One thing you can say about the American twang of Julie Anne Genter is that it's enthusiastic, particularly when it comes to her pet topics.
One of them is cycling, to such an extent that a few months ago she cycled to the birthing unit in Auckland to induce her baby boy.
And at the Greens' Christmas drinks the other night she made a beeline for me, telling me she had a bone to pick.
My criticism of the announcement she made on her first week back on the job after maternity leave was unwarranted, she remonstrated. To spend more than $23 million on buying bikes for schools and building tracks for the kids to learn how to ride them was justified, she insisted.
The reasons for the justification flowed thick and fast and with passion and had me agreeing that no one can argue the benefits of biking, but spending so much money on doing a job that parents themselves should be doing, saw even more spirited debate. It was time for a quick beer and to scan my app to see whether there was an Onzo bike available to take me home.
Today Genter will be out at Wellington's ritzy Oriental Bay with Phil Twyford opening a cycle lane that locals didn't want. In fact in the capital, like cities around the country, tens of millions of dollars are being spent by ratepayers and taxpayers, all aimed at making our roads safer for cyclists, and yet enthusiasm for them is about as keen as a female Father Christmas.
Now one death on the road is one too many, but if the statistics are anything to go by it's not as though cyclists are taking their lives into their hands in nearly the same way as motorists are. So far this year there have been four deaths on the roads and only one in an urban setting which is where the cycle lanes are now springing up.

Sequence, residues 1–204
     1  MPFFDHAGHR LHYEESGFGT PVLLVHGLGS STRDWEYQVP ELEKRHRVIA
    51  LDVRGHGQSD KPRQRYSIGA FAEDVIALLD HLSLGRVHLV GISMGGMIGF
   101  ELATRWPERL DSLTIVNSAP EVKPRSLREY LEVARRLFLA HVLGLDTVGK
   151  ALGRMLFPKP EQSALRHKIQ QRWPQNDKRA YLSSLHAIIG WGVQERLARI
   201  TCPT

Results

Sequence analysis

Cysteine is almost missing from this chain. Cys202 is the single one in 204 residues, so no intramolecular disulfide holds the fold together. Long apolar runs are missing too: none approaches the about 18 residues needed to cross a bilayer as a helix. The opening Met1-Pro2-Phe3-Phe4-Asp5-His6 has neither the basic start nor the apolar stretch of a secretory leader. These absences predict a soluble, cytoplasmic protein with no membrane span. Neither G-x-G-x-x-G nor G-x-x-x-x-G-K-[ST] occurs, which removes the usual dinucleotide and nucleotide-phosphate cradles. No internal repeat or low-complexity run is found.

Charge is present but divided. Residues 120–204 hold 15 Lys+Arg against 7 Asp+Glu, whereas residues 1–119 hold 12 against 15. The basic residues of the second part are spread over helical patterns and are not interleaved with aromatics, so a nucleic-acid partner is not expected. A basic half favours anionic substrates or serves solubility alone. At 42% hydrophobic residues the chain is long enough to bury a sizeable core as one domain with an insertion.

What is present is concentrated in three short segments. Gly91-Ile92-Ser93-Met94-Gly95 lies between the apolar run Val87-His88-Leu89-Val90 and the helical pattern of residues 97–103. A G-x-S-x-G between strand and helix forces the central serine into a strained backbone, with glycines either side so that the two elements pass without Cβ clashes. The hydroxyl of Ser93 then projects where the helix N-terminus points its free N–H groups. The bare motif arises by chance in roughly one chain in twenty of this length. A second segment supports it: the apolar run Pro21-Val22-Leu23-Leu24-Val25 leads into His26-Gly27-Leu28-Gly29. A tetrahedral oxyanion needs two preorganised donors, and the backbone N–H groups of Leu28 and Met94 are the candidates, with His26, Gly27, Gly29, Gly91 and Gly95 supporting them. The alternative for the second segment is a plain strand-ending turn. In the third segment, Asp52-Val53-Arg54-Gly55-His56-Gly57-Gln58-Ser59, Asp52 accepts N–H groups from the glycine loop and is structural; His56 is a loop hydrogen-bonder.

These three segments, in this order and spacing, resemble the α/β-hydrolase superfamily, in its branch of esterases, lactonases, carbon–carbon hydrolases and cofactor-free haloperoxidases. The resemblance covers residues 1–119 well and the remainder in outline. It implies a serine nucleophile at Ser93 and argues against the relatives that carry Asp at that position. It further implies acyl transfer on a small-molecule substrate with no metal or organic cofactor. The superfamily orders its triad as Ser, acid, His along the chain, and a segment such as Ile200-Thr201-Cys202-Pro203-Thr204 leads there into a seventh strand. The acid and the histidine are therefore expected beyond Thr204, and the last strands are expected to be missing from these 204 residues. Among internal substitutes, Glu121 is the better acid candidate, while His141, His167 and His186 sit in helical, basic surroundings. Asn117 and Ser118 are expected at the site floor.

Cycle ways have become something of a fad and it should come as no surprise they're being heavily promoted by the leadership in Christchurch, Wellington and Auckland cities which all have one thing in common - Labour mayors.
The fury in the capital about them has seen the birth of a political party, Wellington First, which intends to contest next year's election on a pro-car ticket, furious that hundreds of car parks are being lost to the cycle lanes. They're not opposed to bikes as such but argue it's a 150-year-old technology that cars have virtually eliminated.
And it's hard to argue with their logic. On a cold, wet, blustery day on the Wellington hills, taking the kids to kindy or school, as well as dropping the partner off before work, is a job for cars. That's why most people have one.
My Onzo took me along the new cycle way being officially opened today on Oriental Bay - but I spent much of my ride dodging pedestrians!